In view of this second requirement, it is in fact inadvisable to fashion a stent exhibiting extensive surfaces fragmented by relative slots or openings; over time, these can create interstices favouring the build-up of atherosclerotic plaque, of which the physical impact is not inconsiderable. On the other hand, compact stents fashioned with extensive contact surfaces and more consistent thicknesses can lead to the risk of thrombosis.
It is therefore essential in manufacture to ensure a favourable balance between the surface area of the stent and the gauge of the metal utilized.
Accordingly, the object of the invention is to overcome the aforementioned drawbacks.
The stated object is realized, in accordance with the present invention, through the adoption of a coronary endoprosthesis structured in such a way as to optimize the balance between surface area and voids and thus procure full advantage in terms of mechanical properties, namely strength and ease of deformation, elastic and plastic alike, as well as of physical and chemical compatibility with the blood vessel and the bloodstream.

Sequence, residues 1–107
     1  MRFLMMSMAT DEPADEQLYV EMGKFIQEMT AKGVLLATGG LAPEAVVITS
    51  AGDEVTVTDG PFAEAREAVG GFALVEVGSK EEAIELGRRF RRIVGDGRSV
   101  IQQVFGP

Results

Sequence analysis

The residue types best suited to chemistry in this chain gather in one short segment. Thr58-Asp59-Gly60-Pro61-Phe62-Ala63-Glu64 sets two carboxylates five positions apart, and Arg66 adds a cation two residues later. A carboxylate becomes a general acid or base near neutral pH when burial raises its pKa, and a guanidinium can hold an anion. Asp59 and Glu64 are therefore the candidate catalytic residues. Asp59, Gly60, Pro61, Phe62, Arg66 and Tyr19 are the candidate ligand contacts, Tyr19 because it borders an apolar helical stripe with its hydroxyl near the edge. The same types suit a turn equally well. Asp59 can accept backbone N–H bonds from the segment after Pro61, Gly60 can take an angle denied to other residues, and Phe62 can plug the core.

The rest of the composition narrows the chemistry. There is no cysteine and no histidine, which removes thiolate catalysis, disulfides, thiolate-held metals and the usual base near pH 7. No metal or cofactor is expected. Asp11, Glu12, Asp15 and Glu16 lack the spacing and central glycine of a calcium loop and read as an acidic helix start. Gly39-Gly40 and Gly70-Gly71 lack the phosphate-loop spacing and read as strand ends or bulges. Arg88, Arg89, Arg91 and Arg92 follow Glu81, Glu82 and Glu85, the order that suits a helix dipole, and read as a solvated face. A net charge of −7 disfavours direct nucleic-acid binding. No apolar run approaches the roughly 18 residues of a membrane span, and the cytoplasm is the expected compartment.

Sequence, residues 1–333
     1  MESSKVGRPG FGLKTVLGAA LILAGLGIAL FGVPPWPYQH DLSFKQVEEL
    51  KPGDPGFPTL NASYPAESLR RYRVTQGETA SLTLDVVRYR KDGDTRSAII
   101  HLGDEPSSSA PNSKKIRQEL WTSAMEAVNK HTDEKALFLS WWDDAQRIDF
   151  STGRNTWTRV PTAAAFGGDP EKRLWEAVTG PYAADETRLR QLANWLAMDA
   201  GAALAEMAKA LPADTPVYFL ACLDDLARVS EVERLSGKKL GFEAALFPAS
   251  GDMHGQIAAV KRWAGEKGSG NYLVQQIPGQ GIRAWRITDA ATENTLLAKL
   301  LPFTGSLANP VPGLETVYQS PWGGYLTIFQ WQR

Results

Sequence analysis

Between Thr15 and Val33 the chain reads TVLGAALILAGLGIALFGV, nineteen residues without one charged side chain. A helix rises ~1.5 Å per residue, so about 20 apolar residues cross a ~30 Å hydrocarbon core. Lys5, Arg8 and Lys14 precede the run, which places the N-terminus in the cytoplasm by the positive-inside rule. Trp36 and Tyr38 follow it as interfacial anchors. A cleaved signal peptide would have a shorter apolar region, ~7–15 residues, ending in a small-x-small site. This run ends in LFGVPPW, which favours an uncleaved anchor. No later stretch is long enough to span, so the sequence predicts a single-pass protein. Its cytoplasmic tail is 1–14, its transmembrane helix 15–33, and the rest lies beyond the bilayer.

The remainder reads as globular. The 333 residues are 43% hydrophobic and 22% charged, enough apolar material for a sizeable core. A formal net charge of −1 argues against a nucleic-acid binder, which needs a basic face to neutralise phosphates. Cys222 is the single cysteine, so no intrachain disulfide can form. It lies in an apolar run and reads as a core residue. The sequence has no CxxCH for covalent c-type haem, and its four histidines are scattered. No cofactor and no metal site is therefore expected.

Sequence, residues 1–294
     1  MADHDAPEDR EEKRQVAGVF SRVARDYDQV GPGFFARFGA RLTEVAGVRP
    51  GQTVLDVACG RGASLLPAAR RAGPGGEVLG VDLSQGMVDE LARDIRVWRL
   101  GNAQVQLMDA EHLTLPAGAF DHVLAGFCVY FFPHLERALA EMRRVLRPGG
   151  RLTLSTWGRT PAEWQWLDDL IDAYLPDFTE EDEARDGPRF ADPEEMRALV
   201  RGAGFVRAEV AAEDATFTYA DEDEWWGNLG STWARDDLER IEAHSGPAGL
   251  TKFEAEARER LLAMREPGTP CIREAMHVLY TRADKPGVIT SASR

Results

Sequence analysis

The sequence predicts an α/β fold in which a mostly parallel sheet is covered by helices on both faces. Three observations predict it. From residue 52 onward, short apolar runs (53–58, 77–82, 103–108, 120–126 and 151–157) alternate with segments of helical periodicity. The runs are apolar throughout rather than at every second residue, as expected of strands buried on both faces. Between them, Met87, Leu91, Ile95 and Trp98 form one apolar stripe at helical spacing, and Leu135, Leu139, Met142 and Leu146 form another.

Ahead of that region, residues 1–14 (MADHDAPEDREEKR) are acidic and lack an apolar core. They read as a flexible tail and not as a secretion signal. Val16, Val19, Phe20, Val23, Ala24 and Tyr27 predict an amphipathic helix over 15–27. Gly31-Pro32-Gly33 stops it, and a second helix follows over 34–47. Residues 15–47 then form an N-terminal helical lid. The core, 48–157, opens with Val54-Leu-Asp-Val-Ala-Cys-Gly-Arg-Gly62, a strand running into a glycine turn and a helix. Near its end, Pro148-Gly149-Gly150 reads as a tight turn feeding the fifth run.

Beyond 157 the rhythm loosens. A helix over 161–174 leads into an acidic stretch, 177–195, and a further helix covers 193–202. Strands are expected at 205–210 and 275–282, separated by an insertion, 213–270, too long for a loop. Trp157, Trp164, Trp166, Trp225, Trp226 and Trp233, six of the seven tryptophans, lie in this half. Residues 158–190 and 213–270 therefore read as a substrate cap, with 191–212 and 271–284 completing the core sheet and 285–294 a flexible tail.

The invention will now be described in detail, by way of example, with the aid of the accompanying drawings, in which:
FIGS. 1 and 2 illustrate a coronary endoprosthesis in an expanded operating configuration, viewed in perspective and from one end, respectively;
FIGS. 3 and 4 illustrate the endoprosthesis of FIGS. 1 and 2 in a contracted and non-operative configuration, viewed in perspective and from one end respectively;
FIG. 5 illustrates the endoprosthesis of FIGS. 1 to 4 on a different scale, viewed during the process of implantation in a coronary cavity of a cardiac muscle;
FIG. 6 illustrates the endoprosthesis of FIGS. 1 to 4 in a single part sectional and developed view showing the same two configurations, expanded and contracted;